>>>What do you consider to be the appropriate line between politics and education--including the role of Federal, state,and local governments as well as school boards--in establishing standards, content, and policy, particularly in K-12 public education?  I strongly believe in national standards for K-12 education, as is done in most of the developed countries of the world. The National Governors Association tried to implement basic standards but, after establishing them, they were undermined at the state and local levels. The United States Constitution does not mandate education but unless national standards with return on investment criteria are implemented, the US will continue to fall behind the rest of the world in student achievement. I would also argue that establishing a state board of education would be a positive influence as compared to the current environment of many local-based school boards.


>>>What can be done to encourage people to go into teaching or other areas of education? Pay a meaningful salary!!! Current compensation is still based upon the model where teachers were second family-income earners, primarily from women. By increasing pay, you will get more really good people attracted to teaching and staying in education for their careers.

Should high school and college students be encouraged to participate  in internships to help enrich their learning? If so, what can be done to stimulate this participation?   I think internships at every level, high school through Doctorates make a huge difference!!! These internships require partnerships with government, corporate, and other private sector organizations.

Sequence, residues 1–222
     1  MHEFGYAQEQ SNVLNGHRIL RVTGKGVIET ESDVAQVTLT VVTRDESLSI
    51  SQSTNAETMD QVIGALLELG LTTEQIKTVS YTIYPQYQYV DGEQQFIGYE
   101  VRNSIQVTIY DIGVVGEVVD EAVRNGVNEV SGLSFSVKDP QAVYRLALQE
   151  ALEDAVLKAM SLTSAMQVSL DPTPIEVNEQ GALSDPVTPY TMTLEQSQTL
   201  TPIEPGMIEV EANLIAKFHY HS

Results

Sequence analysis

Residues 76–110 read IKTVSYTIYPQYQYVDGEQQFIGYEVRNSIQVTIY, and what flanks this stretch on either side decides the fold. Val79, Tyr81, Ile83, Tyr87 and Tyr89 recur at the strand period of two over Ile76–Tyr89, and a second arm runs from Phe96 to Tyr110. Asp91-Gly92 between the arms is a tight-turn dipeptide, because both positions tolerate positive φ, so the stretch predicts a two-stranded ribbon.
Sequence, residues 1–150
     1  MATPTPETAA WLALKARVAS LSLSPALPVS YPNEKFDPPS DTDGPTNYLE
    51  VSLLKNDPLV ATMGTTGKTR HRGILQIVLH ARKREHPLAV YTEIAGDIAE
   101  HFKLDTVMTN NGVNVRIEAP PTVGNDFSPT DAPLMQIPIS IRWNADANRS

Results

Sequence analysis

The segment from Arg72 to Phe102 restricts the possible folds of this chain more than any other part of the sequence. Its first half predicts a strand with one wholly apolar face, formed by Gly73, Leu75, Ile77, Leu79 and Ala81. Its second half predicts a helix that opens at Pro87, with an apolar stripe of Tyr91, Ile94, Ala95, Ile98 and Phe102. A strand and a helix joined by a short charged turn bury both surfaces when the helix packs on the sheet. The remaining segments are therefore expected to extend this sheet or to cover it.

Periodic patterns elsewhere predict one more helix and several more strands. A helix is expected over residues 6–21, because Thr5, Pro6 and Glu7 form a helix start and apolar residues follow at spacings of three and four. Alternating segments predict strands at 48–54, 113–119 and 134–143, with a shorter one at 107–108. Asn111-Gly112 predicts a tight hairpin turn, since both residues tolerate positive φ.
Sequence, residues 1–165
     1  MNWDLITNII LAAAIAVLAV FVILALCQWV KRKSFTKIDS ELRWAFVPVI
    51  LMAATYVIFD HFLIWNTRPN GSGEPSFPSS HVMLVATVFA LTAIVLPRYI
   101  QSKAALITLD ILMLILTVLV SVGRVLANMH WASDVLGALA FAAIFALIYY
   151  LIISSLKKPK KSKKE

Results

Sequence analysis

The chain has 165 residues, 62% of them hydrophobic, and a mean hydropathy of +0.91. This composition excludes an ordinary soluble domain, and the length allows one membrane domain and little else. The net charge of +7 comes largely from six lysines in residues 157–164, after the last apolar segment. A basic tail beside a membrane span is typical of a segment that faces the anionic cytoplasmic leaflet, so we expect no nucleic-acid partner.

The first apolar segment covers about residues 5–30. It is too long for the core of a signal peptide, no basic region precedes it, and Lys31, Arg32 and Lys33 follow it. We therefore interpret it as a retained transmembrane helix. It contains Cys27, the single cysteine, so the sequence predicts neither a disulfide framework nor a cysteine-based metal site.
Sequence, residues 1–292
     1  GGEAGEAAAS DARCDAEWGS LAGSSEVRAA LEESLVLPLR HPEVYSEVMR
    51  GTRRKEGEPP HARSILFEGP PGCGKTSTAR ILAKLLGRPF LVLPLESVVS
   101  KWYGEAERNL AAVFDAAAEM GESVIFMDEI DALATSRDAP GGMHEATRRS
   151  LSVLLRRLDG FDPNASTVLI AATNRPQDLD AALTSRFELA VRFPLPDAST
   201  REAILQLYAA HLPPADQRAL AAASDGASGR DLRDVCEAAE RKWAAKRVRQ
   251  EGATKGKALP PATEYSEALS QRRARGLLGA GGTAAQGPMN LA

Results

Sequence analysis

>>>What would you consider to be the single most important key to positive transformation of education in the US?  For me, the single most important thing is to reduce the role of socio-economic standing in determining resource allocation to education providers. Equal opportunity needs to become reality, not just a stated, well meaning goal. 

Copyright: Chuck Cascio and Kurt Landgraf; all rights reserved.

Starting Points and Destinations

Xi Chen & Ben Waxman

(NOTE: This piece originally appeared in the Recruiting and Intelligence Blog of, a company specializing in global and local academic branding. It is reprinted here with permission from, a company that specializes in "Strategic Marketing to Attract, Recruit, Orient & Retain Students.")

     People always say your destination matters more than your starting point because what you have started might end up being a completely different path. It's more important that you focus on the destination. But to me, the starting point is as important as the destination, even though I'm still far away from my destination.